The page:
“What does the RSS tell you?” Thol Thirumavalavan, a member of parliament from Tamil Nadu and president of the Viduthalai Chiruthaigal Katchi—Liberation Panthers Party— asked rhetorically. The Dalit leader was on a stage festooned in the blue and red flags of the regional party in a rally at Tiruchirappalli, on 22 February. “They tell you this is the kali kaalam”—the end of days. “It is their end of days. Because this Thirumavalavan who should have been grazing cows, this Thirumavalavan who should have been carrying cow dung on his head, this Thirumavalavan who should have been wearing nothing but a loin cloth and suffering this pain, this same Thirumavalavan can stand on a stage.” He continued, “This same Thirumavalavan can proudly twirl his moustache, he can hold his head high and question the sanathanam”—the Tamil term for Brahminism—“that is taking over this country. This is their kali kalam because there are lakhs of panthers standing behind this common man.”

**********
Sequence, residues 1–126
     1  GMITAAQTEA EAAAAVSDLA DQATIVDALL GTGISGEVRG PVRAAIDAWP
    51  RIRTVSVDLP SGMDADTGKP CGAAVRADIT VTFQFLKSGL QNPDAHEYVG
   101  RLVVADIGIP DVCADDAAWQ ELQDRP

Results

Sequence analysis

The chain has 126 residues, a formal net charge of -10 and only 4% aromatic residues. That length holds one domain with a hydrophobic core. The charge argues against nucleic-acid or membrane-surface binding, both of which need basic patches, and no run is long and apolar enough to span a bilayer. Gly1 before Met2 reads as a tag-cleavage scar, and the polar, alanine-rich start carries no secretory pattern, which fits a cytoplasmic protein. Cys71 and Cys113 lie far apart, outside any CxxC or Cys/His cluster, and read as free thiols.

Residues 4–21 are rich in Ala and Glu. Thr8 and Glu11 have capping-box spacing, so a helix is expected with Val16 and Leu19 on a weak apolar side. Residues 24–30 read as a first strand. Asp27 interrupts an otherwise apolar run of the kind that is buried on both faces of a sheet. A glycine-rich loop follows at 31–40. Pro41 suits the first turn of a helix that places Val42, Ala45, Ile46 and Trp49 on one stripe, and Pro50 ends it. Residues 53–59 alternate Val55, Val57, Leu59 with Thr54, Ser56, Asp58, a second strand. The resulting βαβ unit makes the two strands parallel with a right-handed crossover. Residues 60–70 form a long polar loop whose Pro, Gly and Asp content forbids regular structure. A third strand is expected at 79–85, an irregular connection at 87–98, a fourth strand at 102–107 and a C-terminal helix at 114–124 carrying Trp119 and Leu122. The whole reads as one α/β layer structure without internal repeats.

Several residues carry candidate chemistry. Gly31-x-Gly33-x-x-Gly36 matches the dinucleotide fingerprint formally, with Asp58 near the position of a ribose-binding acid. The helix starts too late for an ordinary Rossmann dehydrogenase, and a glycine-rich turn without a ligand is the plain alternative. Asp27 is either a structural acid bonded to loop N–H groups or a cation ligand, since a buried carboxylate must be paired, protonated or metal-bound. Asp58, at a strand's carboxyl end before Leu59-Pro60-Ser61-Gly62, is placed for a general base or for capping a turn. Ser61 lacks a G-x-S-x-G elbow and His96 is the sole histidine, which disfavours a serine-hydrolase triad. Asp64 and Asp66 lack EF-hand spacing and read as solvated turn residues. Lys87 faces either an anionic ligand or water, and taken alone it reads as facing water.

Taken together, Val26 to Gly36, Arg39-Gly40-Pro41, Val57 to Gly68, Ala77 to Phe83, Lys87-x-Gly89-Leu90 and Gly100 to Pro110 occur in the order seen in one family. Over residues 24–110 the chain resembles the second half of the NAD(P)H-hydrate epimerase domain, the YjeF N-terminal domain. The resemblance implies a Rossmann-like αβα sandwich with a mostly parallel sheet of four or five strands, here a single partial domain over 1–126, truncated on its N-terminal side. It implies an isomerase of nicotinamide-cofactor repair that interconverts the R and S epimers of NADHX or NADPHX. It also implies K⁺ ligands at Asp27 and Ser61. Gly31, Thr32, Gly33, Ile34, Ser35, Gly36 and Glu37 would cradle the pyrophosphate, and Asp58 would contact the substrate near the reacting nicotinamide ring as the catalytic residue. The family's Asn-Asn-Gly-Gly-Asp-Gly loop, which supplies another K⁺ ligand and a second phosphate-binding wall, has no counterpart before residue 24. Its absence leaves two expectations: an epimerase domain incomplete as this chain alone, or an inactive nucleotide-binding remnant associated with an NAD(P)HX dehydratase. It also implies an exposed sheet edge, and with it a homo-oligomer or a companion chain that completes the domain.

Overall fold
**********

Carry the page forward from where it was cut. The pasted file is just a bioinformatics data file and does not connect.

Thirumavalavan was referring to the VCK’s belief that the goal of the Rashtriya Swayamsevak Sangh is the removal of the Constitution and the retrenchment of Brahminical supremacy over Dalits in India. Since 2017, small Periyarist and Ambedkarite outfits in towns and cities across Tamil Nadu have consistently mobilised in large numbers against the Bharatiya Janata Party. This groundswell of dissent crescendoed in two major rallies in Coimbatore and Tiruchirappalli in February this year. On 9 February, twelve thousand people representing more than sixty Periyarist outfits organised a march in Coimbatore, Tamil Nadu. The event, called the “Neelachattai Perani” or blue-shirt march—emblematic of the chosen colour of the Ambedkarite movement—ended with the creation of a manifesto of Dalit demands for the state. The second major march was the “Desakaapom Maanaadu,” or Save the Nation rally, which saw more than eighty thousand Ambedkarites attend in Tiruchirappalli, on 22 February. The two rallies show a closing of ranks between small Ambedkarite and Periyarist outfits, which have differing ideologies, to deal with what they perceive as a larger threat—the rise of Hindu nationalism in India, and Tamil Nadu in particular.